Tags: Study | Doubts | Melanoma | Epidemic

Study Doubts Melanoma is Epidemic

Wednesday, 17 August 2005 12:00 AM

They discovered, however, that there was no change in the death rate from the lethal form of skin cancer. They also discovered that the incidence of advanced melanoma disease also did not change.

Dr. Welch and his colleagues insist that if there was really an epidemic of melanoma - if for example, something in the environment was causing people to get the skin cancer, scientists should see increases in cancers at all stages. According to the Times, this is what happened with lung cancer caused by smoking, and with other cancers caused by toxic substances.

The fact, however, that the increase was seen only in very early stage disease was a tip-off that the epidemic might be less than it appears to be, Dr. Welch explained.

This, he says, leads to a difficult question. The point of screening for melanoma is to reduce the death toll from the cancer, yet if screening has not altered the number of patients with advanced disease or lowered the death rate, what is its benefit?

"That's the million dollar question," Dr. Welch said. "It certainly raises questions about whether we're doing any good."

He and his colleagues added, however, that people who notice suspicious moles or spots should not hesitate to see a doctor. But skin cancer screening, they said, is directed at healthy people who have no reason to suspect that anything is wrong.

While admitting that more and more people are having skin biopsies, Dr. Darrell Rigel, a dermatologist in New York, said he questioned Dr. Welch's conclusion that the biopsies were leading to excessive diagnoses of melanoma. "I would say the inverse is more likely," Dr. Rigel said. "There are more melanomas and therefore more biopsies."

At the American Cancer Society, Dr. Len Lichtenfeld, an oncologist, told the Times his group reviewed the same data as Dr. Welch and came to a different conclusion.

Screening, he said, appears to be saving lives. He cited a trend in the data indicating that the death rate from the disease rose slightly year by year until about a decade ago. That, he told the Times is consistent with an increase in serious cases of melanoma.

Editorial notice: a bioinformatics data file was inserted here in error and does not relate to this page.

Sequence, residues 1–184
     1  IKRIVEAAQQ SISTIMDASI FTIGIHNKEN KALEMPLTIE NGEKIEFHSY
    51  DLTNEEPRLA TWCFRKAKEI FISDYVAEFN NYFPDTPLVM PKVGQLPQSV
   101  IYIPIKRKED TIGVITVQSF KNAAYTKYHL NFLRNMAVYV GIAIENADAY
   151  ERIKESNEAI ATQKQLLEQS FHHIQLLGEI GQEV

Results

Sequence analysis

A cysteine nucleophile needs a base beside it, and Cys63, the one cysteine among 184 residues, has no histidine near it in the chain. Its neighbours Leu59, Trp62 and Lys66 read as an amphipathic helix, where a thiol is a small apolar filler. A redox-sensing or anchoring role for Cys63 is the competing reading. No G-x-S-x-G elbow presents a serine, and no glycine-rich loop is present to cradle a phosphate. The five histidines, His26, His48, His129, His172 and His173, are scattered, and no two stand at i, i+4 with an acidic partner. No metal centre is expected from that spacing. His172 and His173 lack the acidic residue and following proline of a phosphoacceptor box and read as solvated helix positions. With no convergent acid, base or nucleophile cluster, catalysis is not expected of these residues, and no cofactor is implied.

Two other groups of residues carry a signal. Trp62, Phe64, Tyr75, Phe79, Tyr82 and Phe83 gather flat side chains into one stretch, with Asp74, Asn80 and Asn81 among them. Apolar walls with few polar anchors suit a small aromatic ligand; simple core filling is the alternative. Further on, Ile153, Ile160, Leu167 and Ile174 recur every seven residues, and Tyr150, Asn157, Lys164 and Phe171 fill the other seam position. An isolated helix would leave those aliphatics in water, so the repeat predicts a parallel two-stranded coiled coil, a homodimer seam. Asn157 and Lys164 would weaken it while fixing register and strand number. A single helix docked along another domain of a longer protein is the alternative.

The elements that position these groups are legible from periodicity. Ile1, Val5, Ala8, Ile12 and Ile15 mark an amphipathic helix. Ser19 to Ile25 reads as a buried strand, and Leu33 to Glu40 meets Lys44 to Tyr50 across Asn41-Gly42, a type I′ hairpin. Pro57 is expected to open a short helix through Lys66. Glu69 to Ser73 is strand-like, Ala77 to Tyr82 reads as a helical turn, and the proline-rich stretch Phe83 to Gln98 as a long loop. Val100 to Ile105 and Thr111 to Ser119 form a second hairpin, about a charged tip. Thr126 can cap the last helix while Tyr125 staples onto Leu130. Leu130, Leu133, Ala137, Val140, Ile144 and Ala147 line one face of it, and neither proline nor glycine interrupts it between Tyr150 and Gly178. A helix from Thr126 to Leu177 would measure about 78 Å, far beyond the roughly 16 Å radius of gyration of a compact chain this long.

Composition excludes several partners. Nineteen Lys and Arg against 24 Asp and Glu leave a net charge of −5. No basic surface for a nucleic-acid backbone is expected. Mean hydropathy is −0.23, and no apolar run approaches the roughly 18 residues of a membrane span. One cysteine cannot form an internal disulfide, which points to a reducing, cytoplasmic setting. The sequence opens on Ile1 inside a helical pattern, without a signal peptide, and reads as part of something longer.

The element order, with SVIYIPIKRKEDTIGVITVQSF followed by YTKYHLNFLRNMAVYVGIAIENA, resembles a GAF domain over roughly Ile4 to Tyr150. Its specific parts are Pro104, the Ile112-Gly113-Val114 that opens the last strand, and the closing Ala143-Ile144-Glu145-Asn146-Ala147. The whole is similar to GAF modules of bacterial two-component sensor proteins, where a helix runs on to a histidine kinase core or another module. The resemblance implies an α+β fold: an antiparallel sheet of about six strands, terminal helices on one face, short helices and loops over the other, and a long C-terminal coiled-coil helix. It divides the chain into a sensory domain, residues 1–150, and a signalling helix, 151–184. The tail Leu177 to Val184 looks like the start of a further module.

Now, he said, "there has been a suggestion in the data that the death rates in the Medicare age group are going down," an effect that would be expected if screening was working, adding that "We agree that some of the melanomas are biologically indolent, but we also feel that when we look at the trend in the data and the suggestion of decreased mortality that there has been a benefit from increased surveillance for the disease."

The cancer society, countered Dr. Welch was "taking tiny, tiny differences" in death rates from year to year and "putting a huge microscope on it." In fact, he said, the death rate has been basically flat since 1986, although it bounces around slightly from year to year as a result of statistical fluctuations.

"We don't disagree about the data," Dr. Welch added. "We disagree about the interpretation. We are not arguing that there is zero change in disease burden. We are arguing that most of the newly diagnosed cases are the result of increased screening."

The Times recalled that two dermatologists, Dr. Robert Swerlick and Dr. Suephy Chen of Emory University and the Atlanta Veterans Affairs Medical Center, wrote in a 1997 article that while some people might be saved by screening, there also are risks from a melanoma diagnosis.

"After a patient has received the diagnosis of melanoma, obtaining insurance can be extremely difficult," they wrote.

"The diagnosis of melanoma also results in heightened scrutiny of all first-degree relatives and family members of the patient, and if increased surveillance leads to increased diagnosis, this process may also put them at risk for the diagnosis of melanoma."

For his part, Dr. Welch says that early detection "is a double-edged sword and people need to remember that."

A few people might be saved because a cancer is found early, he said, but many, many more will be thrown into the medical mill when there is nothing wrong with them.

"People should realize that is the price we pay for screening," Dr. Welch said, and although screening is widely promoted, "we ought to know whether it helps."

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They discovered, however, that there was no change in the death rate from the lethal form of skin cancer. They also discovered that the incidence of advanced melanoma disease also did not change. Dr. Welch and his colleagues insist that if there was really an epidemic...
Study,Doubts,Melanoma,Epidemic
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2005-00-17
Wednesday, 17 August 2005 12:00 AM
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